Deep fat frying requires a fat to be oxidatively stable at high temperatures. Traditionally hydrogenated solid frying shortenings (IV 70) were the industry standard up until the mid 1990’s when health concerns over dietary fatty acids prompted the introduction of opaque liquid frying fats. Typically these products are made by hydrogenation of soybean oil to an Iodine value of about 100. The base is then blended with completely hardened soybean oil and allowed to crystallize in the beta form and stable suspensions. In essence the trans acid content of cube shortening was reduced from approximately 40 to 20%. With the advent of trans fat labeling in 2006, both cube and opaque frying shortenings have shown declines in usage.

To replicate the performance of hydrogenated products, without question the replacement of trans fats in baking applications has been the most difficult. The old trans containing shortenings crystallized quickly during manufacture (which was predictable). Moreover their physical properties (melting point, solid fat profile) served as a guide to their formulation with uniformity. However, palm based shortenings behaved differently during manufacture. Although a beta prime crystal former, palm based shortenings may change to a beta form with textural and performance issues. Palm oil contains a significant amount of the triglyceride POP which crystalizes very slowly. In effect, post hardening may occur. Products have the desired texture soon after processing, but upon storage they may be harder. The post hardening problem may be partly overcome by interesterification. A limited amount of research suggests that processing and tempering are crucial to the manufacture of palm based baking shortenings. Typically several A units (scraped surface heat exchangers) coupled with a B unit (pin worker) are employed along with a resting tube. Tempering must be done at the proper temperature for a given time frame. Puff pastry margarines (based on interesterified components) are particularly sensitive to textual changes during tempering and require longer times at lower temperatures (Kirkeby, 2009).

Some of the early problems with palm based baking shortenings included not only manufacture but performance in end uses as well. A drop in solutions did not always prove satisfactory (Loh, 2006). Merely substituting a zero trans shortening for a hydrogenated one often gave different results. Part of the problem rests with the limited number of baking tests available to suppliers, and furthermore, are designed to test flour rather than shortening in which a standard hydrogenated product is held constant for cookies, cakes, pie crusts, and biscuits. Thus while performing well in standard baking applications in the laboratory, the wide variety of industrial recipes and products were not always successful.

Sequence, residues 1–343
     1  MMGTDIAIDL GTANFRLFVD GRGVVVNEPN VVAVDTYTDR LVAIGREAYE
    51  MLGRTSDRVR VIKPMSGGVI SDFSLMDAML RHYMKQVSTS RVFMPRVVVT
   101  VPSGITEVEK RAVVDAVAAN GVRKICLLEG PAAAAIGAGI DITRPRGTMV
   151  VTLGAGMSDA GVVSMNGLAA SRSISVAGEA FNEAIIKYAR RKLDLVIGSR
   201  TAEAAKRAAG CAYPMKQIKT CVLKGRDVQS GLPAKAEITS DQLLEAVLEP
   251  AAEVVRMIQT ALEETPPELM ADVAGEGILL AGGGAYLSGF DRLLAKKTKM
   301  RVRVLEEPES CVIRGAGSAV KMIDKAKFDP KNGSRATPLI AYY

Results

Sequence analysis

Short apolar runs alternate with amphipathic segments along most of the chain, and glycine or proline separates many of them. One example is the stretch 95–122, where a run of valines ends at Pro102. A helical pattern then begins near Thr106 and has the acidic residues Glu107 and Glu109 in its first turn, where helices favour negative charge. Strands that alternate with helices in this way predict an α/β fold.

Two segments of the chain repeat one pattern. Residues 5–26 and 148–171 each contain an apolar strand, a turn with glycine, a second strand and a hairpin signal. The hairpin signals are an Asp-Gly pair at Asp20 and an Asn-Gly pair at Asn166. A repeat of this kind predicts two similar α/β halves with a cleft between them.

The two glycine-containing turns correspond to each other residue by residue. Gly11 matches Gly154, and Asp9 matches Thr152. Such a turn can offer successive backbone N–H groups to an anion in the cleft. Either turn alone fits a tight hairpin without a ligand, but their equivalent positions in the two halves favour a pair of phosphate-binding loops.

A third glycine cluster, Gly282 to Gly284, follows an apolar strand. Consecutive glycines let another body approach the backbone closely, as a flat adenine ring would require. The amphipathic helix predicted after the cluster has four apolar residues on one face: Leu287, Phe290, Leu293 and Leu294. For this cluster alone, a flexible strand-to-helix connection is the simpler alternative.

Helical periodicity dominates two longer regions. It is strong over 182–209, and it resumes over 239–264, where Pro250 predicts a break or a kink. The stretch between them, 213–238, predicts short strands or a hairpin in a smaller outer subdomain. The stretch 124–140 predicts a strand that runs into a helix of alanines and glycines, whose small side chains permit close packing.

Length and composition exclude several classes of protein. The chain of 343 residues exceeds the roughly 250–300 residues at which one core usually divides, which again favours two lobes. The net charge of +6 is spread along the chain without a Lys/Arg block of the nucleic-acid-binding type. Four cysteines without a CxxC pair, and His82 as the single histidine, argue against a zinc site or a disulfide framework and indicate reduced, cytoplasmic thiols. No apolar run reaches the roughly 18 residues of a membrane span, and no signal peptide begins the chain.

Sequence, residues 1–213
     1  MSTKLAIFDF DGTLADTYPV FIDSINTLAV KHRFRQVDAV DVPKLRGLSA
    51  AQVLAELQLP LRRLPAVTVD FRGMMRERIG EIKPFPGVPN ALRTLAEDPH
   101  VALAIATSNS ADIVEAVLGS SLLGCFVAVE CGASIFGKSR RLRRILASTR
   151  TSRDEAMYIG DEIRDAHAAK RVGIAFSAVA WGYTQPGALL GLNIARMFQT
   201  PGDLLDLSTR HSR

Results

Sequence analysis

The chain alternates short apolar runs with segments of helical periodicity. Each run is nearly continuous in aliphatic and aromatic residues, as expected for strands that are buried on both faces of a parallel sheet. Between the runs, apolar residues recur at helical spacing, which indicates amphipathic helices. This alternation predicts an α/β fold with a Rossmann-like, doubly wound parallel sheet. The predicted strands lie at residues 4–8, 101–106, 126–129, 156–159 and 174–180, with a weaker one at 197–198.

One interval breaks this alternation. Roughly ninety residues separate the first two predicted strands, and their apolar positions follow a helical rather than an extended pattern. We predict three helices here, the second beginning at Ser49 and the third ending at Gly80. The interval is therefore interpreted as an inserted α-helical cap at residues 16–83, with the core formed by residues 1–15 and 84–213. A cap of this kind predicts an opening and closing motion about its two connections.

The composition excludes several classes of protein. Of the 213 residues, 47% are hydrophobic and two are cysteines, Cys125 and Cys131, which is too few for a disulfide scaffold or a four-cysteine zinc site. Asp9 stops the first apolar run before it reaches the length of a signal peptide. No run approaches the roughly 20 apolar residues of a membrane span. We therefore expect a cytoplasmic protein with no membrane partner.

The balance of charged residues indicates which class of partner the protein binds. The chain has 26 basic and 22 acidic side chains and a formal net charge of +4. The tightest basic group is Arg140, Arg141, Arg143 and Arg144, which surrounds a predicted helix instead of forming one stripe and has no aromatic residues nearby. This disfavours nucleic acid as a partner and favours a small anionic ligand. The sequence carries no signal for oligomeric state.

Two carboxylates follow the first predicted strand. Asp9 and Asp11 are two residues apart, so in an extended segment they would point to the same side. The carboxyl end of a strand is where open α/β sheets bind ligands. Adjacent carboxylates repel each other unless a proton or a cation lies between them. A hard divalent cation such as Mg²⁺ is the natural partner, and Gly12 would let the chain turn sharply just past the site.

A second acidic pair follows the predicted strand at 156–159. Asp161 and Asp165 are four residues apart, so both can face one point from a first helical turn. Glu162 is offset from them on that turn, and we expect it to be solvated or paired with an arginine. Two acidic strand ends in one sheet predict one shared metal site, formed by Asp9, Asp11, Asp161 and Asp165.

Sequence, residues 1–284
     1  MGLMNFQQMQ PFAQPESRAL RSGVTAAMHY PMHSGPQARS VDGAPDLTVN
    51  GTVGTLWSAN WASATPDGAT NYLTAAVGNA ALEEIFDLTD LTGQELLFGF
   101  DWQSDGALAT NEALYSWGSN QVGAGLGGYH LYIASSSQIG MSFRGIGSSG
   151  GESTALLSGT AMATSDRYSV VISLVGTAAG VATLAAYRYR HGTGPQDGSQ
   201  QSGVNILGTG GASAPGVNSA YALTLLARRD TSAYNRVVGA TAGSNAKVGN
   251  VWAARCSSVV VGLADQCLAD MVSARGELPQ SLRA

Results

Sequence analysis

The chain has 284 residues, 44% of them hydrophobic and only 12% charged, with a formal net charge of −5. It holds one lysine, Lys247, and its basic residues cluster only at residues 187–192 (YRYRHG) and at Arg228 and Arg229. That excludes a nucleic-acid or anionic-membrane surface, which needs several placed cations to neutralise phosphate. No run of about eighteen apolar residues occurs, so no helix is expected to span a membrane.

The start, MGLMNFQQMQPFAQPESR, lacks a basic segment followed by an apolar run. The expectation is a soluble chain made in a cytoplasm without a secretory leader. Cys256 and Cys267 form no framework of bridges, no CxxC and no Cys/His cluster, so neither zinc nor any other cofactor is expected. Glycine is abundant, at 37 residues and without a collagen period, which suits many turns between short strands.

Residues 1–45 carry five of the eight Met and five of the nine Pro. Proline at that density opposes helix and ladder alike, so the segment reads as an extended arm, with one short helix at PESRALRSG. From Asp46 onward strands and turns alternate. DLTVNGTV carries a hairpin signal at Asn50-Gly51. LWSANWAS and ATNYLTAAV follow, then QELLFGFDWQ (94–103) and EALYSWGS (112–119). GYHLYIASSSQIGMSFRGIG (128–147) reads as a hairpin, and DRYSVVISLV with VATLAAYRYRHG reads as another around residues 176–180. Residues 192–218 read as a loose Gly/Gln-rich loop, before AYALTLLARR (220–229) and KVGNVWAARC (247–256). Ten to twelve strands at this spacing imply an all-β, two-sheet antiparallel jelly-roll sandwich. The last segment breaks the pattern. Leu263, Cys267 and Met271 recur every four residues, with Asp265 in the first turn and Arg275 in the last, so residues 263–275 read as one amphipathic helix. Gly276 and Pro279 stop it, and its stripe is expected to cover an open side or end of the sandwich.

Applications of the Acvedo and Marangoni (2012) technology for laminated dough products (puff pastry danish) offer great promise for the following reasons:

  • the lipid components are cheap and readily available
  • the products are trans fat free
  • no partially hydrogenated fats
  • no interesterification
  • the technology is flexible and the physical properties can be controlled by changing the lipid components (as such tailor made shortenings can be made for other applications)
  • performance in food products has been verified
  • technology needed for manufacture of the shortening is well established and no special equipment is required, Standard A and B units are sufficient for
  • crystallizing and working the fat.

Though many promising solutions to trans fatty acids have been proposed and are currently in use, development is still required to ensure that we are not just simply substituting trans fats with something that is equally, or similarly harmful. We should attempt to develop solutions that not only provide all the requirements of a viable substitute, but also ideally contain components or ingredients that actually improve our cardiovascular health, such as phytosterols or polyunsaturated fatty acids. With the development of many functional and comparatively healthy replacements over the past five years such as oleogels and structured emulsions using monoglycerides, it is possible that we may be able to overcome the trans fat problem in the near future.